The second stinger centers on John Cena’s Peacemaker. In the movie, Peacemaker turned out to be a villain, or at least an anti-hero. Amanda Waller (Viola Davis), the amoral government agent who came up with the idea for a Suicide Squad, tasked Peacemaker with destroying evidence that the U.S. government had been involved with Project Starfish. When Joel Kinnamen’s Rick Flag threatened to release the evidence that the U.S. government tortured innocent people in order to power a gigantic starfish weapon to the press, Peacemaker stabbed him through the heart.
Peacemaker was poised to off Ratcatcher II (Daniela Melchior) as well when Idris Elba’s Bloodsport put a bullet in his neck. Bloodsport and Ratcatcher II escaped, leaving Peacemaker for dead. Bloodsport used the evidence as leverage to keep his daughter safe from Waller.
Peacemaker must have some sort of superhuman strength (or plot armor) because it is revealed in the end-credits scene that he survived both being shot in the throat and having a gigantic building collapse on him. Waller orders that he be recovered from the rubble and tasks two of her minions with minding him, punishment, they believe, for undermining her and helping the Suicide Squad.
The teaser hints at the plot of the Peacemaker TV show coming to HBO Max in January of 2022. James Gunn wrote all eight episodes of the series and directed four of them. While every other new hero in Suicide Squad shared an anecdote from their childhood to explain how they got their superpowers, Peacemaker didn’t get an origin story. The show will explain how the character became the patriotic menace he now is.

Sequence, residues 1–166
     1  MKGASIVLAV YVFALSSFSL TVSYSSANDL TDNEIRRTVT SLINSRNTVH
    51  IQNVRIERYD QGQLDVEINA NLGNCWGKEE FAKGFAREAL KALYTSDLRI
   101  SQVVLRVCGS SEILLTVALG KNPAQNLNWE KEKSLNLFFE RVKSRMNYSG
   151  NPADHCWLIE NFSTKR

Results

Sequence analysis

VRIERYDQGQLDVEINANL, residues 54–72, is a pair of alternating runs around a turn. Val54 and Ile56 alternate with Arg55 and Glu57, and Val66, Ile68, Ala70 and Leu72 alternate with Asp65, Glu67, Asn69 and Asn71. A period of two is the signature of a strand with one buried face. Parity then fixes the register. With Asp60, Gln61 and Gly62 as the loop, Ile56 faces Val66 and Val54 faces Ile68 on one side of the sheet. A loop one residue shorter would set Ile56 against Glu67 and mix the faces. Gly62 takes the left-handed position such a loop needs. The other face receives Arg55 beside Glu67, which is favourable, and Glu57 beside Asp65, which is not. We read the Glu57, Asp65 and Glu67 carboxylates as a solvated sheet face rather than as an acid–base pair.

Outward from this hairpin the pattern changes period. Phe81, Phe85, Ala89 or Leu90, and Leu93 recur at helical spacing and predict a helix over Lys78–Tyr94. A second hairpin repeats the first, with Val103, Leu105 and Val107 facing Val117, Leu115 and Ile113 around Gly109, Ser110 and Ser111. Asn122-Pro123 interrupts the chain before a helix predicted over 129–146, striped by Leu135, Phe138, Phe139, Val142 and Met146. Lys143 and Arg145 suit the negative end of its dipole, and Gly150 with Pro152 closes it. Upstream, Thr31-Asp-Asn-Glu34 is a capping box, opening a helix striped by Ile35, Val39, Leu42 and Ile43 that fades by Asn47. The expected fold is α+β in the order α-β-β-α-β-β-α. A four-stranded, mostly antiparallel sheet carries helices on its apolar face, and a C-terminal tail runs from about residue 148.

A Batman spinoff and Justice League Dark are also coming to HBO Max
Peacemaker is not the first DC show to hit HBO Max. The excellent animated Harley Quinn series moved to the streaming service this year. Shows like Doom Patrol and Stargirl also live on the streaming service, while several other DC shows, like Supergirl and The Flash are airing on the CW.
But Peacemaker appears to signal a new era of shows that interplay with Warner Bros. superhero movies, with stars moving back and forth between television and film. HBO Max has a Green Lantern series in the works. Matt Reeves, who is directing the upcoming Batman film starring Robert Pattinson, is also working on a spinoff series centering on the Gotham City Police Department for the streamer. And J.J. Abrams is reportedly constructing an entire Justice League Dark cinematic and television universe for the studio.
The DCEU will contain multiple “worlds”
Will the Gotham City Police of Reeves’ show investigate Peacemaker for his murderous ways? Probably not. The DCEU has branched off into at least two separate worlds, maybe more.
In one world exists the original pieces of the DCEU: Gal Gadot’s Wonder Woman, Affleck’s Batman, Robbie’s Harley Quinn, Leto’s Joker, Jason Momoa’s Aquaman and Ezra Miller’s The Flash, to name a few. The initial plan was to build those pieces into a Marvel-esque interconnected story. But unlike Marvel, DC didn’t start with origin story films and build towards team-up movies. They started with the team-ups, like Batman v Superman, Suicide Squad and Justice League, and then tried to retroactively fill in the bios with spinoff movies for some of those characters.